Change and Economic Development in Arctic Canada (CEDAC)


Examining What Successful Economic Development means in the Eyes of Inuit Living in Arctic Canada

Primary Researchers: Kathryn Lupton

The circumpolar Arctic is predicted to garner investments ranging from $100bn to 225bn over the next decade as climate change improves international shipping routes and accessibility to natural resources (Mikkola & Käpylä 2013). The Canadian Arctic is central to this economic boom and its vast stores of untouched natural resources and increased access to the Northwest Passage provide enormous opportunities for national prosperity, pride and wealth. Yet for those living there, the Arctic is home, and it is experienced quite differently. There are immense social, economic, and environmental challenges facing the remote and predominantly Inuit communities dispersed across the region. In the eyes of these residents, developing the capacity to meet the coming challenges is as pressing as the nation’s need for economic growth. There is an urgent need to understand what will enable the nation to keep pace with circumpolar economic development initiatives while safeguarding the sustainability and well being of local economies and culture.

In addition to the moral duty of a nation to ensure the sustainability and well being of its communities, the land-claim agreements that have been settled between the Government of Canada and Inuit organizations produce an important foundation for local development. They create frameworks for the devolution of power and local control, which are crucial ingredients for improving the outcomes of citizens and in facilitating internally driven and sustained economies (Peterson 1995). However, the upcoming development rush will most certainly challenge the capacity of local organizations, governance bodies, and political structures currently in place. 


This proposed research utilizes a new approach to examining community development in the Canadian Arctic that has substantial potential to co-generate innovative knowledge and policy for much desired socio-economic progress in the region. The project was developed directly with Inuit and regional partners in the territory of Nunavut through a series of workshops and formal and informal conversations over the past two years. Essential authorities and community groups in the region, including Nunavut Tungavik Inc. and hamlet councils of four communities, have provided formal support for the research and a pilot case study has already been completed.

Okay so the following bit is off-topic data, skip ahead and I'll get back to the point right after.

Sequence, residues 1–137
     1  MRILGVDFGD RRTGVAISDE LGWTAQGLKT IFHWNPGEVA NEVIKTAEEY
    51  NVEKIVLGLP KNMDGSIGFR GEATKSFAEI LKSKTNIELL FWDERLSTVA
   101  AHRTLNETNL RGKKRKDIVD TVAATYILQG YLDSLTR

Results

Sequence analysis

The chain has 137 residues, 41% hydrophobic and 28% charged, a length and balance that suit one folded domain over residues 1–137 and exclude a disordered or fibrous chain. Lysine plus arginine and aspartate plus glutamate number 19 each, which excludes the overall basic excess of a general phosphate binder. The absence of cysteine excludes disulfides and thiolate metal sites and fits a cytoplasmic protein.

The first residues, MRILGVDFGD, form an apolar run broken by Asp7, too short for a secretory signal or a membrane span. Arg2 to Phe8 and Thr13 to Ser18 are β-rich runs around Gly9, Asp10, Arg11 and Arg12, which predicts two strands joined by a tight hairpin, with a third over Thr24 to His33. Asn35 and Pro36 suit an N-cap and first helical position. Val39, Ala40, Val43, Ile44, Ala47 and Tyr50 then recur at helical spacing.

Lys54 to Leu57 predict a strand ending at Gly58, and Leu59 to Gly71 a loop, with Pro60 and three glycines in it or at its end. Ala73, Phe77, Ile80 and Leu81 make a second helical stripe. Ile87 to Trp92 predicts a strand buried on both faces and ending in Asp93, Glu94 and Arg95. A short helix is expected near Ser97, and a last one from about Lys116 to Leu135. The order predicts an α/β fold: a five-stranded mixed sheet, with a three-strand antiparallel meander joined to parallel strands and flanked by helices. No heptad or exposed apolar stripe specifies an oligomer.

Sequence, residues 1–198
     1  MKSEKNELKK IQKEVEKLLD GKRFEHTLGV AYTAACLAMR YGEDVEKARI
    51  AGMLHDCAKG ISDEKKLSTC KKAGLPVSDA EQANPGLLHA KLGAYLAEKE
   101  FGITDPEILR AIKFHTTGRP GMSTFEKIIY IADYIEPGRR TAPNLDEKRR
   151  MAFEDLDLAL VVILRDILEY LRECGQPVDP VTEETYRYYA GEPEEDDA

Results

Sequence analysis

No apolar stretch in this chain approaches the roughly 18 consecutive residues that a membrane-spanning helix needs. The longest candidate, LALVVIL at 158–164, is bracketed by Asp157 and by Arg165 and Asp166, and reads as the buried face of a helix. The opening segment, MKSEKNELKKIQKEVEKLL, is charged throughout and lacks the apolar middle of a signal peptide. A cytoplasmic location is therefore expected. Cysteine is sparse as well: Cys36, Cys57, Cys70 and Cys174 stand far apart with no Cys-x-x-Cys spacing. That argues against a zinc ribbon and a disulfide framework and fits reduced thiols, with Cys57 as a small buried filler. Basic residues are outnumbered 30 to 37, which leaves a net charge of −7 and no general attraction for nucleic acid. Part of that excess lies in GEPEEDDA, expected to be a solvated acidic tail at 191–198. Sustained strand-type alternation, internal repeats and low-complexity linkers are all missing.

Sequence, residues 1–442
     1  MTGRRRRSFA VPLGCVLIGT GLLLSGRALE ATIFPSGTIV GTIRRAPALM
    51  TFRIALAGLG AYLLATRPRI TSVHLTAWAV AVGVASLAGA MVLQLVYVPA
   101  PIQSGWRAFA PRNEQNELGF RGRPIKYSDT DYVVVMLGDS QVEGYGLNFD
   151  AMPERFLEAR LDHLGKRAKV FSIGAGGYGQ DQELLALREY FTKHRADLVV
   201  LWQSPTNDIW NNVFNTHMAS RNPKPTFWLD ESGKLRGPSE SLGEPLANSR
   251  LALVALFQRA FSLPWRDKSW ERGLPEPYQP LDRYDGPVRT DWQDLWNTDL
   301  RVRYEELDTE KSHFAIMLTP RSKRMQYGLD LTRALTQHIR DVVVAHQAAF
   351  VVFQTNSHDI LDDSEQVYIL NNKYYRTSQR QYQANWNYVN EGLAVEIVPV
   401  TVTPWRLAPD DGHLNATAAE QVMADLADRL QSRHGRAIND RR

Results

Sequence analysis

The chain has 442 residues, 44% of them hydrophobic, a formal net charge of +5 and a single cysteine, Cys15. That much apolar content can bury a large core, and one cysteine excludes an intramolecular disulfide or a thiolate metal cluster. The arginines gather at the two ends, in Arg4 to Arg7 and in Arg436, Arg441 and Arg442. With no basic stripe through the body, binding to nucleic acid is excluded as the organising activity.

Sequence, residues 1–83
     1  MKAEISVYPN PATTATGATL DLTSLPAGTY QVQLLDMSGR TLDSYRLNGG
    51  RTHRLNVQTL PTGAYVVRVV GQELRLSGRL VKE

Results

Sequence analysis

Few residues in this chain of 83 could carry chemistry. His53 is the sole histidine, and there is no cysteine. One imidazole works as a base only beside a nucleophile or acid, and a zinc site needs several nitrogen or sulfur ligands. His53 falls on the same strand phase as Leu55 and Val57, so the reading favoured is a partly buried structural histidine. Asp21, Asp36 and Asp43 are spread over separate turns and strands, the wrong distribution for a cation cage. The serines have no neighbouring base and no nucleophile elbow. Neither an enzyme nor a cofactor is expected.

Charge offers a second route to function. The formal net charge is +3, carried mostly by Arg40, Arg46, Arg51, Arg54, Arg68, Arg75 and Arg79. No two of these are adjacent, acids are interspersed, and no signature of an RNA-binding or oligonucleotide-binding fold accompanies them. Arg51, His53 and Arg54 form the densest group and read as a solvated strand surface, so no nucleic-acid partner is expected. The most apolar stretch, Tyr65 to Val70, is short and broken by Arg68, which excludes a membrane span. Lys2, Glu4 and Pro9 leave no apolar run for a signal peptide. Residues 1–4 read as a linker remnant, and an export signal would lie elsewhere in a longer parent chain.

The overarching aims of the research are to:

1) Identify approaches relevant in the geographic and socio-cultural contexts of Arctic Canada that can contribute to desirable, successful, and sustained development under conditions of rapid environmental and economic change, and
2) Identify and evaluate adaptation strategies that support residents in managing the new challenges in their homeland.


This work is part of a larger SSHRC funded project led by Jackie Dawson, with additional partners including Margaret Johnston from Lakehead University and Miriam Jorgensen and Stephen Cornell from the Native Nations Institute at the University of Arizona, and Angela Cameron from the uOttawa Faculty of Law and Brenda Macdougall from Canadian Studies at uOttawa.